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Table 2 Table comparing the frequency distribution of the acceptability and feasibility of the policy options under consideration

From: Stakeholders’ perceptions of policy options to support the integration of community health workers in health systems

Policy options Acceptability Feasibility P value† Mean score for acceptability (n = 95) Mean score for feasibility (n = 92)
DNA (%) UA (%) DA (%) DNF (%) UF (%) DF (%)
1. Compared to other methods or no assessment at all, how acceptable is the use of this questionnaire to rate the acceptability by stakeholders of implementing CHW policy interventions? 4 41 54 10 33 57 0.24* 6.3 6.2
Selection, education and certification
2. Using essential and desirable attributes to select CHWs for pre-service training 0 16 84 3 12 85 0.17* 7.3 7.2
 (a) Adopting only CHWs who have completed a minimum of secondary education (relative to lower levels of literacy) 29 35 36 29 25 46 0.27 5.2 5.5
 (b) Selecting older candidates on the basis of age (relative to random age selection) 37 43 20 25 47 28 0.17 4.5 5.2
 (c) Selecting members of the target community (relative to selecting non-members) 5 28 67 9 20 71 0.36 6.9 7.0
3. Training of CHWs for a short period (could range from a number of days to 1 month relative to training for a longer period of 6 months to 3 years) 13 26 62 7 20 74 0.16 6.4 7.0
4. Having standardized educational curricula 8 22 71 9 20 72 0.92 6.8 7.0
 (a) Curricula addressing biological /medical (determinants, basic notions of human physiology, pharmacology, and diagnosis and treatment) 22 35 43 19 35 46 0.8 5.6 5.8
 (b) Curricula addressing household level preventive behaviours in relation to priority health conditions 1 7 91 1 11 88 0.71* 7.9 7.8
 (c) Curricula addressing education about social determinants of health 1 13 86 2 13 85 0.83* 7.6 7.6
 (d) Curricula addressing counselling and motivation skills (including communication skills) 1 7 92 1 9 90 0.87* 8.0 7.8
 (e) Curricula addressing scope of practice (attitude, when to refer patients, range of tasks, power relationships with the client, personal safety) 1 13 86 1 13 86 1* 7.9 7.8
 (f) Curricula should address CHW integration within the wider system (access to resources) 2 14 84 2 18 80 0.78* 7.7 7.5
5. Issuing a formal certification for CHWs who have undergone competency-based pre-service training 3 15 82 2 16 81 0.89* 7.6 7.6
Management and supervision
6. Strategic supervision support for CHWs 0 9 91 1 13 86 0.34* 8.2 7.8
 (a) Coaching of CHWs 0 11 89 4 12 84 0.12* 8.0 7.5
 (b) Use of task checklists 1 13 86 1 9 90 0.7* 7.9 7.8
 (c) Observation of CHWs at facility 7 21 73 5 20 75 0.93 7.1 7.2
 (d) Observation of CHWs at community and facility 2 12 86 2 11 87 0.98* 7.8 7.6
 (e) CHWs supervising CHWs 16 32 52 14 28 58 0.76 6.1 6.3
 (f) Higher cadre health workers supervising CHWs 3 11 86 2 17 81 0.48* 7.7 7.5
 (g) Trained supervisor 3 8 89 0 9 91 0.22* 7.9 7.8
 (h) Assessing CHWs by service delivery supervision only 29 40 31 15 27 58 < 0.01 5.2 6.3
 (i) Assessing CHWs by service delivery supervision and community feed-back 3 10 87 1 21 78 0.07* 7.6 7.4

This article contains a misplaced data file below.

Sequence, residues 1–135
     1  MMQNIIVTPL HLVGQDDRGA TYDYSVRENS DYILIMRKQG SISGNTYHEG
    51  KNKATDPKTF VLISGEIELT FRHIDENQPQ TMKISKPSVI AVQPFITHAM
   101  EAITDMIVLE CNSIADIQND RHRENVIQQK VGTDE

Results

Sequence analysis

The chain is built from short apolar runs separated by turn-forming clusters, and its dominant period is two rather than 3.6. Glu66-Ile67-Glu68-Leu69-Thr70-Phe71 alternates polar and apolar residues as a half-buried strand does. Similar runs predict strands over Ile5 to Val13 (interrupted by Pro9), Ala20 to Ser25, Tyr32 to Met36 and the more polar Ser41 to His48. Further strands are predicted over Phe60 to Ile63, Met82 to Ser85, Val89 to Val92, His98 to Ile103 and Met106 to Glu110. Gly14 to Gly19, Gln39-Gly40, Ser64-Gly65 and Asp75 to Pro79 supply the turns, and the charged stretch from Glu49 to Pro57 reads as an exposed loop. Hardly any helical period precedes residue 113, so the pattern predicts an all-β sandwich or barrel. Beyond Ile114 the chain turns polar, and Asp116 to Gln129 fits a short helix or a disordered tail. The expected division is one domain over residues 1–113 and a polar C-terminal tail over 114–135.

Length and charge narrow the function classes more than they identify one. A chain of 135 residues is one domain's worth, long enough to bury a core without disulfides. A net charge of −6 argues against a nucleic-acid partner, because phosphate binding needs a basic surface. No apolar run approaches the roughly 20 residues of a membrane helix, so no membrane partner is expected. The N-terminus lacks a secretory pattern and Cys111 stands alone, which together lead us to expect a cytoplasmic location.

7. Rewarding CHWs for their work 1 14 85 3 11 86 0.51* 7.9 7.6
 (a) Monetary incentives 5 29 66 13 24 63 0.17 7.2 6.7
 (b) Non-monetary incentives 8 19 73 7 19 75 0.95 7.2 7.1
 (c) Benchmarking full-time CHW salary to the government minimum wage of the locality 11 31 59 18 29 52 0.31 6.7 6.2
8. CHWs having a career ladder opportunity/ framework within the health and education systems 6 18 76 13 34 53 < 0.01 7.3 6.4
Integration in and support by health system and communities
9. CHWs having a formal contract within the health system 5 24 71 10 30 60 0.24 7.0 6.7
10. CHWs collecting and submitting data on their routine activities 1 3 96 1 11 88 0.12* 8.0 7.7
11. Community engagement strategies to support practicing CHWs (including village health committees and community health action planning activities) 1 7 92 0 13 87 0.27* 7.9 7.6
12. Proactive community mobilization by CHWs (identifying priority health and social problems, mobilizing local resources, engaging communities in participation of health service organization and delivery) 0 7 93 1 15 84 0.14* 8.0 7.5
13. Providing strategies to ensure adequate availability of commodities and consumable supplies in the context of practicing CHW programmes 1 11 88 1 16 83 0.61* 7.9 7.4
 (a) Ensuring inclusion of relevant commodities in the National Pharmaceutical Supply Plan or equivalent national supply chain plan 2 16 82 2 21 76 0.64* 7.9 7.3
 (b) Simplified stock management tools and visual job aids for CHWs that accommodate low literacy with minimum data points to facilitate recording of data and re-supply 1 9 90 1 15 84 0.43* 8.0 7.6
 (c) Use of mobile phone applications (mHealth) for reporting stock and other data 0 20 80 3 31 66 0.04* 7.4 7.0
 (d) Co-ordination, supervision and standardization of resupply procedures, checklists and incentives 1 11 88 1 20 79 0.22* 7.8 7.3
 (e) Products specifically designed for use by CHWs (presentation, strength, form and packaging) 4 19 77 5 25 69 0.53* 7.3 7.0
 (f) Use of social media to manage commodity distribution 9 52 39 10 49 41 0.89 6.0 6.0
  1. DNA definitely not acceptable, UA uncertain whether acceptable or not, DA definitely acceptable, DNF definitely not feasible, UF uncertain whether feasible or not, DF definitely feasible
  2. *These statistics should be interpreted with caution as at least one cell contained less than 5 observations
  3. †Chi-square comparing acceptability distribution with feasibility P value
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